Nigerian First Ladies Bemoan a Setback in the Fight Against Cervical Cancer

It is preventable by giving HPV vaccine to girls and boys before sexual activity starts
1967
FIRST LADIES UNITE TO FIGHT CANCER

Nigeria's goal of eliminating cervical cancer by 2030, as set out by the World Health Organization (WHO), may no longer be attainable.

This is due to the non-availability of the Human Papilloma Virus (HPV) vaccine, which the federal government intended to include in the normal vaccination program in order to eliminate cervical cancer among women.

Due to a shortage of HPV vaccinations, the vaccination campaign, which was set to begin in the first quarter of 2021, was unable to get off the ground.

The worries were voiced by the Chairperson of the First Ladies Against Cancer (FLAC), Dr Zainab Shinkafi-Bagudu, at the celebration of the Day of the African Child (DAC) 2021 held yesterday in Abuja.

Shinkafi-Bagudu said:

“Nigeria and other countries have been unable to include HPV vaccines in its routine immunisation schedule despite reasonably high political will and making funds available. The planned rollout of the vaccine in the first quarter of 2021 is unlikely to happen in the near future.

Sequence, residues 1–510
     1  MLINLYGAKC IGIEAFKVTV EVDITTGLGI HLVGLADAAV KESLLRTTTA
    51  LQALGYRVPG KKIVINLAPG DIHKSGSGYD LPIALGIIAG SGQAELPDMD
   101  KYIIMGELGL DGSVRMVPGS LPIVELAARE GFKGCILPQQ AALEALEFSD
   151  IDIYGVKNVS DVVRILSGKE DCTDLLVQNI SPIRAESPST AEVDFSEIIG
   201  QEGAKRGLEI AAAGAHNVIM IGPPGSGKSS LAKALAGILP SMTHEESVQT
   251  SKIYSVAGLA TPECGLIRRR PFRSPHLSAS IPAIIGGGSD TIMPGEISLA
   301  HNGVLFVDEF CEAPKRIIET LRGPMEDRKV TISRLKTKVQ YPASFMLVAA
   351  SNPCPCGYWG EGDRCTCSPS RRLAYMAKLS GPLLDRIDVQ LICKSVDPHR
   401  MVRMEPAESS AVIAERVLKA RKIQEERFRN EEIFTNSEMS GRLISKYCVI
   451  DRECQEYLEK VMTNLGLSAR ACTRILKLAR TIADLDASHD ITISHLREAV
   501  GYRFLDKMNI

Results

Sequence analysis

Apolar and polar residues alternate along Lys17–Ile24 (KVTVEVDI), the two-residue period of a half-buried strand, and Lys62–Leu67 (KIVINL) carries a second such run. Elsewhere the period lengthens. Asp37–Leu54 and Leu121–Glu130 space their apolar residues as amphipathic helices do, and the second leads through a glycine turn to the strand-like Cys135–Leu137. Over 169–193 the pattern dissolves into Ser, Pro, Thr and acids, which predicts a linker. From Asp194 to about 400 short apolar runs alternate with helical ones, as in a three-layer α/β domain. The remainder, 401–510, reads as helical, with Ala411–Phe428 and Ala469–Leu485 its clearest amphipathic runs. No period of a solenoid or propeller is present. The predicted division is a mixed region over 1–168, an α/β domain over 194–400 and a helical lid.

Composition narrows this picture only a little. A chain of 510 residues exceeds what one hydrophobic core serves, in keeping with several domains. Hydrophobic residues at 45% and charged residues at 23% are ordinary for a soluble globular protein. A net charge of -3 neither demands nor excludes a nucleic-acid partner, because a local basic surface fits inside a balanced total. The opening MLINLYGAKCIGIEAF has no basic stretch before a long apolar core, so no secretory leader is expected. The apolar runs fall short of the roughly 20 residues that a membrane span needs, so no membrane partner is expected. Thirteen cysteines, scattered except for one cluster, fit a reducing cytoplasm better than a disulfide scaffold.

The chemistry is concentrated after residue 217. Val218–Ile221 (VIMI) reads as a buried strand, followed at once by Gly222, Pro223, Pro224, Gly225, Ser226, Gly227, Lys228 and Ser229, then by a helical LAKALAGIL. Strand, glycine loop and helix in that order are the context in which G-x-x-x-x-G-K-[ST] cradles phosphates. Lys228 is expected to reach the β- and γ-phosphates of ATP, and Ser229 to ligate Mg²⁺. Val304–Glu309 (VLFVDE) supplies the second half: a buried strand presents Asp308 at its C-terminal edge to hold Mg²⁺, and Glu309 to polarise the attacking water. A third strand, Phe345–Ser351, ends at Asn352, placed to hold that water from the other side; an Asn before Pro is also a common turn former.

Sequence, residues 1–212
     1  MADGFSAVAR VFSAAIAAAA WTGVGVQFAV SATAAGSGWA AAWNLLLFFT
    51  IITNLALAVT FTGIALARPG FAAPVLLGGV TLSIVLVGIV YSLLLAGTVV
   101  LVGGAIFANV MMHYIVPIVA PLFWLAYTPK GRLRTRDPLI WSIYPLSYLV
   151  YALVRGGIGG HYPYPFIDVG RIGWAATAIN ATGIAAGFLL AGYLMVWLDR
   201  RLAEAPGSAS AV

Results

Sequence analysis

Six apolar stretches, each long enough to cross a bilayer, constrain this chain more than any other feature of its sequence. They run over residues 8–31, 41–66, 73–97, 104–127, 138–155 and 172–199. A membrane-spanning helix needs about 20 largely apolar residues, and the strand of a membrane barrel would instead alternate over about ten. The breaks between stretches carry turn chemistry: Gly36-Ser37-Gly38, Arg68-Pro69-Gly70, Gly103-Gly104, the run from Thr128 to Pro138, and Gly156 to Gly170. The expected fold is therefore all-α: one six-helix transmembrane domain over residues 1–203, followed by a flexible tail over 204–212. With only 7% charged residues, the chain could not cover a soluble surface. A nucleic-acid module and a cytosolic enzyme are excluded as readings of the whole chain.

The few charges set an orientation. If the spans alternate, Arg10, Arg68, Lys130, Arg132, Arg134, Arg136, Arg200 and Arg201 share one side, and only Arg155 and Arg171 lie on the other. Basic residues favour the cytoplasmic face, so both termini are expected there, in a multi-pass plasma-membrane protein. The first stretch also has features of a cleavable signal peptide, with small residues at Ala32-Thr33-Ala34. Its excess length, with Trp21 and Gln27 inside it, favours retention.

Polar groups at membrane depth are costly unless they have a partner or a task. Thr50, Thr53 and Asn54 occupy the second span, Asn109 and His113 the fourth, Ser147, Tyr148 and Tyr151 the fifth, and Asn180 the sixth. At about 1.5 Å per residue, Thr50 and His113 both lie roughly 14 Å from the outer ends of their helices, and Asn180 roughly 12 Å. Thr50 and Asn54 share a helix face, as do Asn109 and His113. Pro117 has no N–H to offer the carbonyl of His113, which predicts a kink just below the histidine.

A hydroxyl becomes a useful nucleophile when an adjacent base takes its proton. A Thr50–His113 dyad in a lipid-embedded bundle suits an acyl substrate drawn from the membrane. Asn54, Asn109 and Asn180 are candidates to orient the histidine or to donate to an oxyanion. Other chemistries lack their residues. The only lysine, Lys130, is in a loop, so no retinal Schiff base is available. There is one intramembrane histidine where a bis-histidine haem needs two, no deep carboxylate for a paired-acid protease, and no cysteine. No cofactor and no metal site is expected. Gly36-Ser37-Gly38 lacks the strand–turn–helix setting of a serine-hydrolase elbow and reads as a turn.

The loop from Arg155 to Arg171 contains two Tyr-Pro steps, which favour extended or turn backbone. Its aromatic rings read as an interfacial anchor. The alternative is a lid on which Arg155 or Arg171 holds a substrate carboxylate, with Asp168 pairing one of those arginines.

“This is solely due to the unavailability of vaccine stock. Achieving cervical cancer elimination by 2030 as prescribed by WHO Global Strategy to Accelerate the Elimination of Cervical Cancer is not feasible if this situation persists.”

Cervical cancer, which is the second most common cancer diagnosed in women in Sub-Saharan Africa, can be prevented by immunizing girls and boys against HPV before they begin sexual activity, according to her.

Chairperson of the First Ladies Against Cancer (FLAC), Dr. Zainab Shinkafi-Bagudu

Global supply shortages, however, have widened the access gap between high and low middle-income countries, according to the chairperson.

She bemoaned that millions of girls in Africa today have no access to the HPV vaccine, leaving them susceptible to one of the most preventable and curable kinds of cancer.

According to her,

“It is preventable by giving HPV vaccine to girls and boys before sexual activity starts. The HPV vaccine has been available for 15 years and is available as a routine immunisation in over 71 countries, most of which are high income.

Fight against breast cancer campaign

“We, therefore, call on global and national actors critical to delivering cervical cancer elimination that words must translate into actions now.”

Bagudu further said:

“Accelerating the elimination of cervical cancer requires global cooperation among governments, pharmaceutical industry, non-governmental bodies, and multilateral agencies.”